4 Quick Tips to Great Ad Writing


Effective advertising is critical to bringing in new customers, as well as for bringing back old ones. But how can you ensure that your advertising is written effectively? One of the determining factors in the success of advertising copy is the quality of the writing. Bad writing will drive away the audience, even if they might otherwise be interested in the subject.

Small businesses often must write their own advertising copy, and you may not have great confidence in your writing talents. However, it’s not hard to learn how to write effective ads. Whether or not you have a lot of writing experience, you can learn the principles and follow them.

Keep it Simple

The first thing to remember when writing ad copy is simple: be simple. Use the minimum number of words necessary – trim any unnecessary verbiage. Don’t use five words when two will do. Long, wordy sentences lack power and impact, and often confuse readers. When you write advertising copy, go over it with a pen and mark out any words that you can eliminate without changing the sentence. The writing in effective ads is short and to the point.

Be Descriptive

The writing in an effective ad jumps off the page because it uses the right words. English offers multiple choices for describing almost any action; select an action verb and specific nouns that express exactly the meaning you intend, instead of using the same old boring verbs every time. For instance, rather than saying “ran” or even “ran quickly,” you can say “sprinted” or “dashed,” more exciting and interesting words. You’ll need fewer adverbs and adjectives this way, making your writing more concise (see above) and causing the modifiers you do use stand out, rather than fade into the background.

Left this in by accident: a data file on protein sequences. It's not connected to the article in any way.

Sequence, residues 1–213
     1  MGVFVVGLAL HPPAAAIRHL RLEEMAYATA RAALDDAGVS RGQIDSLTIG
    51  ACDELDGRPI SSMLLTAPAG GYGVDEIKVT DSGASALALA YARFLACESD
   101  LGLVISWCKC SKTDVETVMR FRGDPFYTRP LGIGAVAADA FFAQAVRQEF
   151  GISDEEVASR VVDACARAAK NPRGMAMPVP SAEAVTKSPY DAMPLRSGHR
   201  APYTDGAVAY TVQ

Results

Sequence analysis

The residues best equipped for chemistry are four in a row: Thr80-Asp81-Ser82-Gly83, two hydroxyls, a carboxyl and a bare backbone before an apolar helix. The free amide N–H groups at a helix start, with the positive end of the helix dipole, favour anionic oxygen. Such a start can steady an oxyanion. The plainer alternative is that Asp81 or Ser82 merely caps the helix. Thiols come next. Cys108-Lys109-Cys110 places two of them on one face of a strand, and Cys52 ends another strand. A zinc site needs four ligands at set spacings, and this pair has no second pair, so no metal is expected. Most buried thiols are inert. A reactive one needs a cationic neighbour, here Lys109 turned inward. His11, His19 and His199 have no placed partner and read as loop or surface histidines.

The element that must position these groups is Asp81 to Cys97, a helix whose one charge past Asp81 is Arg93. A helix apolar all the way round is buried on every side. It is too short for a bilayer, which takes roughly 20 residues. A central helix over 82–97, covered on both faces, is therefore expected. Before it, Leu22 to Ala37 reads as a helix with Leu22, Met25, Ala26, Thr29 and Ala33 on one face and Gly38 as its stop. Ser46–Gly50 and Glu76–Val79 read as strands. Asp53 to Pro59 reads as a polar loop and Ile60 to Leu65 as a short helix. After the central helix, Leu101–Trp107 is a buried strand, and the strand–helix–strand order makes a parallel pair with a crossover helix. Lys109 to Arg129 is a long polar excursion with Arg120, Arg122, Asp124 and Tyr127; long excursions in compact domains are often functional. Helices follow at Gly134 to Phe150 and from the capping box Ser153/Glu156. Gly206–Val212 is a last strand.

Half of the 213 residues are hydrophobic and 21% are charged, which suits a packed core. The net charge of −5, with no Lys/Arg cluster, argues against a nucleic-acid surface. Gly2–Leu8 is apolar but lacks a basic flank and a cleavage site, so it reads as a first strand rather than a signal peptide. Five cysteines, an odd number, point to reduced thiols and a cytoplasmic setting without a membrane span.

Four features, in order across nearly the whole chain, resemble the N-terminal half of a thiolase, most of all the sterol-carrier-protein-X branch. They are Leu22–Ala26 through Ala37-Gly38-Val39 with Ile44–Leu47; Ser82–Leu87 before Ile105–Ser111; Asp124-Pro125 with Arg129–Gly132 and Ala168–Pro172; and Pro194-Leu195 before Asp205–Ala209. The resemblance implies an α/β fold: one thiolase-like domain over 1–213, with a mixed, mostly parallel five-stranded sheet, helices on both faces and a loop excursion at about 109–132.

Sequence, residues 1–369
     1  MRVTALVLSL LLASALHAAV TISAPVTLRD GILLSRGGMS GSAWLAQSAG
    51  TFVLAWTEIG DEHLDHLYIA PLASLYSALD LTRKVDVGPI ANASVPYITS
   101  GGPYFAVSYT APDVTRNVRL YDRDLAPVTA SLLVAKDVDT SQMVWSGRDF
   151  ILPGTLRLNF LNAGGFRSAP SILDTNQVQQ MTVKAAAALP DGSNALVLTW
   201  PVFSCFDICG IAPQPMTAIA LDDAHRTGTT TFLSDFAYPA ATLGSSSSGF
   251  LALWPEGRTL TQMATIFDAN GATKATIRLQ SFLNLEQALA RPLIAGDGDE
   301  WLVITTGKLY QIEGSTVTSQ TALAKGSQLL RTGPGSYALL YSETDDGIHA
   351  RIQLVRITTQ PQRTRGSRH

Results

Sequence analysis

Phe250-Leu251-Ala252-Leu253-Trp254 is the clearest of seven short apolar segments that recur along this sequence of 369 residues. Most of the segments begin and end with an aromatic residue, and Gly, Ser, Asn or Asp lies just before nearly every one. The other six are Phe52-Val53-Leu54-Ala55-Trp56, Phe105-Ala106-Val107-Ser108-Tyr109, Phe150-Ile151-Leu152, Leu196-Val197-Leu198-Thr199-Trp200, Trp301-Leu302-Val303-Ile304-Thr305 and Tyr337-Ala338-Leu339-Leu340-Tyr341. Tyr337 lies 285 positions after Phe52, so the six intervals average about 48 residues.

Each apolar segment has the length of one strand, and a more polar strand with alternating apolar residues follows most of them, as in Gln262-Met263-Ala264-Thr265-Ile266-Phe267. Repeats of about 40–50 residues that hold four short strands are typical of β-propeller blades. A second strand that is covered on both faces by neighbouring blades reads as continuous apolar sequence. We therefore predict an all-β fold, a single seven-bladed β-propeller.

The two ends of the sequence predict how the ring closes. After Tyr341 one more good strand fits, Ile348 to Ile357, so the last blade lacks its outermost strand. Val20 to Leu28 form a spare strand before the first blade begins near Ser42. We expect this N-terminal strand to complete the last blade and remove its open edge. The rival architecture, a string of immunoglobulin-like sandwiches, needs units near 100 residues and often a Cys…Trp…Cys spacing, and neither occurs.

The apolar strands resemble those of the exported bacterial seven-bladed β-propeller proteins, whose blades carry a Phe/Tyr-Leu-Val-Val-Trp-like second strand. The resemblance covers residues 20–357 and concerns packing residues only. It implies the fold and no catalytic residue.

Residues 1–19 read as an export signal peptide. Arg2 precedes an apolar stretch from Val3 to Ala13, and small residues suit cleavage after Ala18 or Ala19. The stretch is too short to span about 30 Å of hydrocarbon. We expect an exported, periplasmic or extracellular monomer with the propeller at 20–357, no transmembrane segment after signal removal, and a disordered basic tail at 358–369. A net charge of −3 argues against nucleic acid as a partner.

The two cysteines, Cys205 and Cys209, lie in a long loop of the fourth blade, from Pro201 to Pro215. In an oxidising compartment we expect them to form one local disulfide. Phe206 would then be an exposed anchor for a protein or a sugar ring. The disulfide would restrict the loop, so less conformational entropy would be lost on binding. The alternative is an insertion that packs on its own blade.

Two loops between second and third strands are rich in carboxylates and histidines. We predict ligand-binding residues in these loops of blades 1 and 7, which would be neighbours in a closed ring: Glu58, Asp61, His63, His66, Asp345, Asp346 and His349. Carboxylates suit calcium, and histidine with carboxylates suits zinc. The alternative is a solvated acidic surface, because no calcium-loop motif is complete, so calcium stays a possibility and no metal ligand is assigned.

More on this: [eBook] Customer Communications — Business Writing Fundamentals

Vary Your Writing

Don’t write every sentence the same way. You want your sentences to start with different words; using the same word at the start over and over again bores the readers, and makes your writing all blur together. Also write sentences of different lengths. A mix of short, medium, and long sentences will keep the reader’s attention and interest. Varying your sentence structure and vocabulary makes your writing stronger, more interesting, and more effective.

Be Organized

Finally, you need to be organized to write effective advertising. Every piece of communication you produce, no matter what the medium, needs a well-planned structure. Start off with an introduction that catches the audience’s interest and gives an idea of the tenor of the piece. Keep it short and get to the body of the piece, where you’ll present information about your business or product. Organize this middle section by grouping information into categories, each discussed together and in a logical order. Finally, have a strong ending that recaps what you want the audience to know and gives a call to action, so that you stir the reader’s interest and then provide an avenue to channel that interest.

By following these basic principles, anyone can learn to write strong, effective ads. The most important secret, though, is simply to practice. Write, then rewrite, and rewrite again. You’ll get better and better with each draft, and gain confidence in your writing skills.

What is your ad writing process?

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Edwin Bevens

Edwin Bevens

Edwin Bevens is the Head Writer and Editor for Tarkenton Companies, and the Editor of SmallBizClub.com. With a background in journalism and publishing, Edwin received a 2008 South Carolina Press Association Award for reporting. Developing, producing, and maintaining content across multiple websites, Edwin focuses on helping small business owners find the right match of voice, audience, and medium for every message.